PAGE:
Substitutions Abound

The unacknowledged menu substitutions continued with the entree of fish and what was supposed to be accompanied with rice studded with herbs and fava beans. I’d really wanted my friend to try this dish, as it’s a lovely, very typically Persian way,  to enjoy fish and rice. Instead, Shalezah’s kitchen subbed two rices–sour-cherry studded rice, and rice with raisins and lentils. Huh? No explanation was offered until we asked for one. Apparently they were out of the rice that normally accompanies the dish. I’m sorry, but fish doesn’t taste good with sour cherry rice. A simple saffron rice would have been a more compatible choice for this dish in any case.

Instead of pointing this out lack of herbed rice to us or giving us the chance to change the order, they brought us the entree and the two rices “so you can try them both” as if this were some sort of ingenious favor. No, not really. A simple acknowledgment of the pending substitution would have been the appropriate course. As it stood, the fish fillet portion was tiny, and served with the “ugly” side up.  It was slightly fishy in aroma (worrisome), but butter and salt were used to even out this element. Twenty dollars for this entree felt like a real stretch.

More Saffron, Less Salt, Please

The overuse of butter and under-use of spices cropped up so much during the course of this meal, it became a theme. I found all of the rices overcooked (too soft, but at least they used basmati rice), overly salty, and buttered to the point of being greasy. Keep in mind that I like salt, perhaps a bit too much, and definitely appreciate butter in my rice.

The lamb shank entree was the best part of the meal, but it, too, suffered from a lack of distinct flavor, Persian or otherwise. Texture-wise, the shank was cooked until tender enough to separate easily from the bone. Having wrestled with cooking more than a few lamb shanks into submission in my lifetime, I know it’s not always an easy task. So while the meat’s texture was quite enjoyable, again, the spicing was off. That is to say, nearly non-existent, unless we count salt, of which there was too much. I could have been eating a lamb shank in any type of restaurant: a Greek, Italian, or even French.

By the time the dessert offerings were mentioned, I’d had enough, and we decided to pass. Yes, I was full, but no, not satisfied. It seems the sedate decor Shalezah employs indeed telegraphs a  sedate approach to Persian food, at least on this particular occasion.

Hope For The Future

My advice to Shalezah?

  • More saffron, less salt, please.
  • Shalezah should ease off of the butter.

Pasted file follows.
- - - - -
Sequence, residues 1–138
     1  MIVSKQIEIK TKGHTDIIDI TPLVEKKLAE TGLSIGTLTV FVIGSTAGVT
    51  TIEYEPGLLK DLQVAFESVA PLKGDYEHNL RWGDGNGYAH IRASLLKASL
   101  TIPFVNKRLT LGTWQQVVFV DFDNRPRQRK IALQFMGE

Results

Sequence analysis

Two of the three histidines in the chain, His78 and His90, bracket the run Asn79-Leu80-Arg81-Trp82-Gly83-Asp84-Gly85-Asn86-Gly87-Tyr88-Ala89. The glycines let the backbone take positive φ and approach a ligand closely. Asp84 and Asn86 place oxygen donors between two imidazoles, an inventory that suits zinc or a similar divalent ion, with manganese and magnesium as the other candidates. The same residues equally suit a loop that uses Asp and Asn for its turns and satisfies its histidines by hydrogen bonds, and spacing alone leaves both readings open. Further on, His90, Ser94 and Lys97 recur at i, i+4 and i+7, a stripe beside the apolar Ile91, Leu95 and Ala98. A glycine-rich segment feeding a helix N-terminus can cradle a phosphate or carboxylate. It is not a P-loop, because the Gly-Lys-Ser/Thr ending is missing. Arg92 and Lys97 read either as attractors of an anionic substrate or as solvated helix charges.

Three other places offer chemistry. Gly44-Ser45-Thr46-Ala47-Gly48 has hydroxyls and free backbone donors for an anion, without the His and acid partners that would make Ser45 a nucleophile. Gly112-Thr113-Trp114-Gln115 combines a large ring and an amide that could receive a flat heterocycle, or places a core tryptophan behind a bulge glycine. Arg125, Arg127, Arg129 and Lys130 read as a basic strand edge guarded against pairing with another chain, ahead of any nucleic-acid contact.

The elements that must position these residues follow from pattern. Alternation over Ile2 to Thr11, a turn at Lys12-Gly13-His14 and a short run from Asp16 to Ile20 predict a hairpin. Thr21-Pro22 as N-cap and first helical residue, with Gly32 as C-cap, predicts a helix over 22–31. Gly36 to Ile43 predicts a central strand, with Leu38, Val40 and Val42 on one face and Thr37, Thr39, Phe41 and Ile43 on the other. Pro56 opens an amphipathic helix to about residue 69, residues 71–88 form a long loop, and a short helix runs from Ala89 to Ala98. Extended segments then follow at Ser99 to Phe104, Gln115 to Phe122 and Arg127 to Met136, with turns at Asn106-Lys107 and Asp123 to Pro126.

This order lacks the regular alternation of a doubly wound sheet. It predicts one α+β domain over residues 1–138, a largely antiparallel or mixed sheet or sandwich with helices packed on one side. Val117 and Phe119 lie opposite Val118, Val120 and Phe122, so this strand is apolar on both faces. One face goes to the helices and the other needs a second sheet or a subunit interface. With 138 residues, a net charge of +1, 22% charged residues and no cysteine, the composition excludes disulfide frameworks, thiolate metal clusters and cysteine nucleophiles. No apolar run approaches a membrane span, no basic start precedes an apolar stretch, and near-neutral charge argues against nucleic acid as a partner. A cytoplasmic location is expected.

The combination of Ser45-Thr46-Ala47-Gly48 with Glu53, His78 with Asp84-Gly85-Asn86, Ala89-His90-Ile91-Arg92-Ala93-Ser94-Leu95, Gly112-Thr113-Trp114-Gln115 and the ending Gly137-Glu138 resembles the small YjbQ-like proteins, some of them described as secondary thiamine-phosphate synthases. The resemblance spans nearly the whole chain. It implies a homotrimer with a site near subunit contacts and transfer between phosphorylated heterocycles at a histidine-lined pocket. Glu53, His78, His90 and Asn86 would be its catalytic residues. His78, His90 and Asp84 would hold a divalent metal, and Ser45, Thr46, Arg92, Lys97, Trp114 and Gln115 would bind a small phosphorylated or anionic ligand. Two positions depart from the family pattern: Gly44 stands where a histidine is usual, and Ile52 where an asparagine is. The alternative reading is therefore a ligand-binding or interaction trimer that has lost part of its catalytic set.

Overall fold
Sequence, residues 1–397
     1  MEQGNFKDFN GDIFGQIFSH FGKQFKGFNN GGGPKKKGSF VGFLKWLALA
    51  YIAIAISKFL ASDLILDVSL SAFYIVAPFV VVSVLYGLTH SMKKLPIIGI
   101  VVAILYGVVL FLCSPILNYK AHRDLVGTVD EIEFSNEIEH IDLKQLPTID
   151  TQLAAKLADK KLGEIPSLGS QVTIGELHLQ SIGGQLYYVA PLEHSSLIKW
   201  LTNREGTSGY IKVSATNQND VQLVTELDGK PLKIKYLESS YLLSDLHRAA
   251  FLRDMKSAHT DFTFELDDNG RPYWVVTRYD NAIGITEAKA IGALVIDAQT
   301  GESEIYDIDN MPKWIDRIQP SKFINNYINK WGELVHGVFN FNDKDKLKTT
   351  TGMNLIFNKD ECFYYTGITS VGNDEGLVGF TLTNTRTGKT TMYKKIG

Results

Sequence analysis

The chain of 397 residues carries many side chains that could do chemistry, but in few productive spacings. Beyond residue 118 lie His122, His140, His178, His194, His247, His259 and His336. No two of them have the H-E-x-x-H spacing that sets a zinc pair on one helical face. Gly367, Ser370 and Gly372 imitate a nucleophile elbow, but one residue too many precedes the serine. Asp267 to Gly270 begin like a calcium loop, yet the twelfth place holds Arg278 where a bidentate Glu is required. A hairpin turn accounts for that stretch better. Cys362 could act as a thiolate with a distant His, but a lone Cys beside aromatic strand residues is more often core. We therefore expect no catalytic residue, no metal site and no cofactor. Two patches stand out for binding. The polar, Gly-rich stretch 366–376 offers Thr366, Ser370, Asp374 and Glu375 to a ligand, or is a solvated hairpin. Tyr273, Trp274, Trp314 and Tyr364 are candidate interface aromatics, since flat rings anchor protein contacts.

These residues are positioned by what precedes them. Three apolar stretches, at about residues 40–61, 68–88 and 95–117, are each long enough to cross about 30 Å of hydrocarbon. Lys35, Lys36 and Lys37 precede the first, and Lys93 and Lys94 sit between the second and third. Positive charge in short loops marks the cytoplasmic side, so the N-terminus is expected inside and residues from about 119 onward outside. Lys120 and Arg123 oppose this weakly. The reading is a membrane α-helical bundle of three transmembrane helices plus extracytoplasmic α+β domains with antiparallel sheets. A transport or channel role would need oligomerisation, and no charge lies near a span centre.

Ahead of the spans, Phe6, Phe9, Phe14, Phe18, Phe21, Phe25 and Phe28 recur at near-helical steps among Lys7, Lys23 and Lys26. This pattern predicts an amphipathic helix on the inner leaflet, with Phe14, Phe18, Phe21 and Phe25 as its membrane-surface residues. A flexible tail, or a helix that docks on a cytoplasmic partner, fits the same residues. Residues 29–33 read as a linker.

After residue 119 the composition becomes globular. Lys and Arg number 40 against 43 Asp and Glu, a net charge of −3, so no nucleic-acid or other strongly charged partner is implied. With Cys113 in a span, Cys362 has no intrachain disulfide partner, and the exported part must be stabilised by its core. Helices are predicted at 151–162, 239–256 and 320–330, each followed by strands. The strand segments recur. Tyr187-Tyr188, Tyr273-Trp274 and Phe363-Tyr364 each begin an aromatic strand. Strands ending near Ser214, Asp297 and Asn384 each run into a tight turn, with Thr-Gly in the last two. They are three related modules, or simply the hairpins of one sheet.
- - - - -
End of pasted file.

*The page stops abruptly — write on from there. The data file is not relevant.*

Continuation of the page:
• Pay better attention to the actual cooking technique and spicing of the dishes.
  • Finally, substitutions happen. But they should be acknowledged. Give your diners a choice to opt in or out if you don’t have the foods advertised on your menu.

Perhaps we should’ve made different menu choices. But perhaps not. Heaven knows I’m no purist. Anyone who reads this blog knows I mix and match and play around with fusion, or at the very least, have no problem sometimes tweaking traditional recipes. When restaurants do the same, the results can feel elevated, deflated or just odd. Mastering the basics first, though, is a worthy start. A re-start Shalezah would do well to consider, if their Michelin star hasn’t lulled them into complacency.

If you’ve tried Shalezah and would like to share your thoughts, please do.

Shalezah

1420 Third Avenue (between East 80th and 81st Streets)

New York, NY

10028

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Stressing over making a homemade dessert for Valentine’s Day? Don’t worry, my loves, I gotcha covered with a few simple, quick options:

Chocolate Almond and Apricot Truffles

Chocolate almond apricot truffles are an easy cookie to make. Gluten-free flour works in this recipe, by the way (I used Bob's Red Mill).

Or you could salvage a broken cake with my Chocolate Cherry Trifle:

This trifle is any easy way to salvage a broken cake, or use up leftover chunks of chocolate cake or brownies. The layers make it look pretty and deliberate ;-)

Another fun and easy option: Molten Chocolate Cakes with a Middle Eastern Flair

This cake is really molten, to the point of oozing apart like lava. Ha! If you'd rather keep it together, just bake in ramekins to serve.

If chocolate’s not your bag, but jewels are, consider:

Bejeweled Biscotti with a Persian Twist:

Persianized biscotti. Yes, these cookies could be dipped in melted chocolate, if you're so inclined.